Denver homelessness czar Cole Chandler said during the Mayor-Council meeting on Tuesday that Denver may shelter the homeless in hotel ballrooms during cold snaps this winter.
The topic came up when the mayor’s office explained it does not plan to use city recreation centers for emergency weather homeless shelters this year. Instead, they’re considering hotel ballrooms, Chandler said.
City Council member Paul Kashmann said he is hearing from the community that there is no clear policy on cold weather sheltering this year. “Good question, we’ll get you updated,” Mayor Mike Johnston responded.
Hotel reopens this week to fanfare
Chandler did not say which hotel ballrooms the city is considering for cold-weather homeless shelter sites. But many readers suggested in the online comments of articles that when people experiencing homelessness stayed at Aloft Hotel downtown during the pandemic, they caused extreme damage.
The city spent more than $100,000 to clean the hotel after people experiencing homelessness moved out. The pandemic-era accommodations meant hotel owners raked in earnings for full houses during a time when they otherwise would have had almost no customers at all.
According to HospitalityNet.org, Aloft re-opened this week with a multi-million renovation. Rooms have new headboards, mattresses, and linens, as well as new 55-inch mounted televisions.
Neighbors complain of drug use outside hotel
Last year, neighbors of Aloft complained of open-air drug use outside the hotel. Several Upper Downtown Neighborhood Association members told the Denver City Council that homeless people staying in Aloft openly used drugs, harassed passersby, and produced trash and feces that littered the streets.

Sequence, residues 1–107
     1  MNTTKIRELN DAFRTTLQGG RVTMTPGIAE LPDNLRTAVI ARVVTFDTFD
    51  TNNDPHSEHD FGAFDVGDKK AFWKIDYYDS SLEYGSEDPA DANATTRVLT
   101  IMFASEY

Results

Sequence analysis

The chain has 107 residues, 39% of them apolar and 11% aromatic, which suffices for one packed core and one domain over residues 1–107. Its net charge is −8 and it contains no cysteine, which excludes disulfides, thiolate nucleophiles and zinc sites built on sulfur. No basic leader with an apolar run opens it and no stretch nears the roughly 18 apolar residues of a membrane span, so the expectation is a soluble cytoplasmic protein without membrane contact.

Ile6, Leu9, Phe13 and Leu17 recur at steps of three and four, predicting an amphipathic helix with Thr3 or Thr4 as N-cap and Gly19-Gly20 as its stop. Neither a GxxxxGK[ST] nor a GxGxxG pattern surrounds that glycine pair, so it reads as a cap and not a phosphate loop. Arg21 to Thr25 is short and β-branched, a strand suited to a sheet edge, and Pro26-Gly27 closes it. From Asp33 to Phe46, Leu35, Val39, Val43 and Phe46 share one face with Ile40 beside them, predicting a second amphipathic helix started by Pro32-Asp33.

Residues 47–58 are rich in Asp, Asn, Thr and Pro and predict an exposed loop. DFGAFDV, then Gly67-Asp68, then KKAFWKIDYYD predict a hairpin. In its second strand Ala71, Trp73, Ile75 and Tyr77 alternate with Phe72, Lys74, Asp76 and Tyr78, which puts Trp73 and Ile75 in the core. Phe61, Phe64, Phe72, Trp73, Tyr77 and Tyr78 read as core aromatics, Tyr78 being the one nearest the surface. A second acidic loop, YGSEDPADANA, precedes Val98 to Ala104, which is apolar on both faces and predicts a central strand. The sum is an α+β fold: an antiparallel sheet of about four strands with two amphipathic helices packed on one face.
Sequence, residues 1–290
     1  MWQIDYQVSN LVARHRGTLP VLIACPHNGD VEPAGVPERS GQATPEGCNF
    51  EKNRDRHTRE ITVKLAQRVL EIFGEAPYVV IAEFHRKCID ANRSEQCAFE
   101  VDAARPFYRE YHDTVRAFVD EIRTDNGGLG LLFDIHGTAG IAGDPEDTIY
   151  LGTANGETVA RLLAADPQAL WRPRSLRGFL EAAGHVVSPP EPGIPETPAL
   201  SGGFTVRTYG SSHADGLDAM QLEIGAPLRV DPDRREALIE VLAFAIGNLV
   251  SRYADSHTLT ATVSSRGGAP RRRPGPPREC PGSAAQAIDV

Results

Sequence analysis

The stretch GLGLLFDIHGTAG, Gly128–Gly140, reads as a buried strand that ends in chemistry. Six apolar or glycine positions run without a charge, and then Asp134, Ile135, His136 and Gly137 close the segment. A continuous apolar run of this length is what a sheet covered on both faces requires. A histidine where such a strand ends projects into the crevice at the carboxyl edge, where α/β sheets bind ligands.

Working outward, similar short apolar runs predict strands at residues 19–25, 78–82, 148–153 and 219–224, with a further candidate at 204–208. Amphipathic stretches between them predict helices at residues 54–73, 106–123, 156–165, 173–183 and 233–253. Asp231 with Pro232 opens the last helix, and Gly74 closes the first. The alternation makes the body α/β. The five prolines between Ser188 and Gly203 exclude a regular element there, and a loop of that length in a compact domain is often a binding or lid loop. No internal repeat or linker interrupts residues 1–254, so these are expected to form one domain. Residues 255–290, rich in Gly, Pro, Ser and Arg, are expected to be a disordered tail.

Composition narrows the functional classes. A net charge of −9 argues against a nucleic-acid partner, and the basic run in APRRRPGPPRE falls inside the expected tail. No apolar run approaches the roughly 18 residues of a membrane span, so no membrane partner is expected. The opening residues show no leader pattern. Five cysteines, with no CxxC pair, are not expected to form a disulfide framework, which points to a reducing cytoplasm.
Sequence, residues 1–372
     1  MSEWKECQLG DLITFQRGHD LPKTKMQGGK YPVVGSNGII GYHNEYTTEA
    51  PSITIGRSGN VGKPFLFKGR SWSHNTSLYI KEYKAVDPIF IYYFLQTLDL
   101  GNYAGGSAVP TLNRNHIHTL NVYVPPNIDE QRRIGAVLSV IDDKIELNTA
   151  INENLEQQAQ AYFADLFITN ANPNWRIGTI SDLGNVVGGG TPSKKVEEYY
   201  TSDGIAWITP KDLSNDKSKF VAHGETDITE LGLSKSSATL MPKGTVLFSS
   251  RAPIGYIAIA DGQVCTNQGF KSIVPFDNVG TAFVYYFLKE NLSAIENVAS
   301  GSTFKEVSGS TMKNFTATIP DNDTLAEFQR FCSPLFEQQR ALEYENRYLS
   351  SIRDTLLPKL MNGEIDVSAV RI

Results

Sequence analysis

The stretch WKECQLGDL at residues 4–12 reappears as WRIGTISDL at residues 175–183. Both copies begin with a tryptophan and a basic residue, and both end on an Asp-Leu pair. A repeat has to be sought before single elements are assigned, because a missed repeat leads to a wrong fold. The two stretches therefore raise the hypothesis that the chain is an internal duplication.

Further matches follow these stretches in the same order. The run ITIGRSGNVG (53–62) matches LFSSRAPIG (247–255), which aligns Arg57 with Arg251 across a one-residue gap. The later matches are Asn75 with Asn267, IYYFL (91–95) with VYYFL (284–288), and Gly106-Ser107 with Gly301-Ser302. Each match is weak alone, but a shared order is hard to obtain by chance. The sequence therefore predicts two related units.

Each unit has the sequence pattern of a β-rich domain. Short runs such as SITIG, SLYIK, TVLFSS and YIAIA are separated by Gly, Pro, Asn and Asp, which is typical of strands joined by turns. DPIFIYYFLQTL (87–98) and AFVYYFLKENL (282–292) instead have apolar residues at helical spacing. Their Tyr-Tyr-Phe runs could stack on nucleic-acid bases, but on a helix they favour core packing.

The city had a contract with Aloft, 800 15th St., to place people experiencing homelessness at risk of contracting COVID in the hotel. But neighbors of the hotel said residents of Aloft scared away the convention goers who stopped coming to the city.
Aloft sparkles anew
But now, guests of Aloft never would believe the city housed the homeless in such a swanky venue. “The lobby has been redesigned with a dark gray base, complemented by black and white wallpaper, and brought to life with pops of yellow, dark magenta, and purple found throughout the furniture and throw pillows,” according to HospitalityNet.org. “The ottomans feature vintage graphic novel prints. This color palette follows the sightline throughout the hotel's public spaces, including the WXYZ bar, Re:mix lounge, Re:charge fitness center, and Re:fuel by Aloft market pantry. New 55-inch televisions have been installed above the bar, and all social spaces feature energizing lighting.”